Keeping the End in Mind

Dear Friends in Christ,

Last Friday, there was a rare “Derecho” storm which pounded the East Coast, knocking out power in the DC area, parts of North Carolina, and places even further away. I had been working in the Northern Virginia area for my secular profession and left the Falls Church area around 8:00 pm in an effort to avoid traffic. Things were going pretty smooth, but past Richmond I noticed that things were getting windy.

Suddenly, there were people slamming on brakes and I came across a series of branches which had been broken up across the road. I can only surmise that trucks had driven over the branches and shattered them. I feared that my tires would be punctured, but thankfully they were not. Continuing on, twigs began flying on my windshield, the wind blew my car off course slightly a few times, and numerous times I had to slow down and swerve to avoid downed tree limbs. I saw some people pull over, but being that I-85 South is lined with trees, I also feared a tree falling on my car. I decided to outrun the storm, and 20 harrowing minutes later, I was safe, thanks to God.

While I was in this situation, I pulled out my komboschini (prayer rope) and began to pray the Jesus prayer: “Lord Jesus Christ, Son of God, have mercy on me, a sinner.” It had been longer than I would have liked since my last confession, and this was a powerful reminder to me that we never know when the time is at hand. Needless to say, I confessed the next day.

Some of our non-Orthodox friends, especially those who hold the ahistorical and minority view of “once saved, always saved” chide us for being fearful of the time of death. Certainly they have a point insofar as we who have been saved by Christ and are being saved by Christ, will be saved by Christ at the hour of death, and thus we have a strong hope. However, we also know from the Scriptures and the entire corpus of the Church Fathers’ teachings that we can fall away from grace, unlike what our non-Orthodox friends believe, and so we should always be cautious and repent of our sins diligently.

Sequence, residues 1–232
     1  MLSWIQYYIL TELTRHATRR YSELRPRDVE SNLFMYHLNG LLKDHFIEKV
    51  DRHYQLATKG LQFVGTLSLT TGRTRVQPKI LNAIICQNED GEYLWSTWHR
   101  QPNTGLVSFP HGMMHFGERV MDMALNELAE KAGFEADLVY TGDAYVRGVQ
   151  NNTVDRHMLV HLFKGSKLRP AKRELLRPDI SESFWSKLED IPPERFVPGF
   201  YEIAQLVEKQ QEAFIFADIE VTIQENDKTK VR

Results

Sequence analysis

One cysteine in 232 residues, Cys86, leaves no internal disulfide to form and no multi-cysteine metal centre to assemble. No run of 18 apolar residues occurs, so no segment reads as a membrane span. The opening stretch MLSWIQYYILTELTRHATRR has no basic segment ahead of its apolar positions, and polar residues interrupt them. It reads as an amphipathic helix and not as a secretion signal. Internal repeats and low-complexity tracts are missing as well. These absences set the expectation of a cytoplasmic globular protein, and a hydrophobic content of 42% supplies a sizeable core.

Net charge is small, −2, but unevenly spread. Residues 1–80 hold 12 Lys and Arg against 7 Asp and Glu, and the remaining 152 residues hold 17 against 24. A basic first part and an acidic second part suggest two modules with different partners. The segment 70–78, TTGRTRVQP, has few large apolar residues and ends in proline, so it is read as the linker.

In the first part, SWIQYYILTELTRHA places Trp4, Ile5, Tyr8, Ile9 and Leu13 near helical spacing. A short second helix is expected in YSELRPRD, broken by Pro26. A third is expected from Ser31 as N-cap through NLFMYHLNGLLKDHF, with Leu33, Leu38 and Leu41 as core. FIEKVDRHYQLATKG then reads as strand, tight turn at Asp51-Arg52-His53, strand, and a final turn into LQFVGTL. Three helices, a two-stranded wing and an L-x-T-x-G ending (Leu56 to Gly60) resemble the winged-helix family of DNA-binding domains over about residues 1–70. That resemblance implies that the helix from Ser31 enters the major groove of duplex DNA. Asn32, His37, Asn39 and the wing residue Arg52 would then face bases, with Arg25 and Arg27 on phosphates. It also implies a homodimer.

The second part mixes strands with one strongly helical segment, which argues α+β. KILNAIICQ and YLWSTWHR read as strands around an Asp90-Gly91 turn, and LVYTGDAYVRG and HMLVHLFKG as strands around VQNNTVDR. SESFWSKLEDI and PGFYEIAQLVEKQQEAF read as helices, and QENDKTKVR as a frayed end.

The Lord allows such harrowing moments in order to warn us and prepare us. But because we are called to cooperate with God’s grace, we have to take the ball and run with it after He shows us the way or gives us a hint. The monastic fathers often write about the remembrance of death as a technique to aid our repentance. Such a concept sounds morbid to many of us, but this is only because our culture has made avoiding the reality of death an art (witness the modern funeral industry). By confronting the fact that any day may be our last, by thinking about the upcoming Judgment, we are given a chance to make the choices that day that will lead us toward Christ and not away from Him.

Rather than being a negative and fatalistic exercise, it is a humbling and empowering exercise. Imagine our relief if, when we stand before the Throne of Judgment, we have already confessed and repented of our sins, and have departed this life prepared. Having thought about the end, we never wasted a moment of our precious time on Earth. Rather than putting things off for another day, we confront what needs to be confronted, knowing it may be our only chance. We will go to bed each night with a clean conscience, and wake up each morning prepared for the mission we are on. Pride will melt away, because following the psalm, we will remember that “as for man, his days are as the grass, as the flowers of the field, so shall he blossom forth” knowing that our life is beautiful and a gift from God, and also that it is fleeting, temporary, and given to us for a season.

Brothers and sisters, each day let us confess our sins to God, and as often as possible let us confess to the priest, as Our Lord showed us (c.f. John 20). Let us take each scary moment of our life as a gift from God, given to warn us and prepare us. Let us take advantage of such moments by expanding on them and proactively remembering our mortality daily so that we are never caught unprepared. The path is set before us, the tools are given to us; let us take advantage of them!

In Christ,
Fr. Anastasios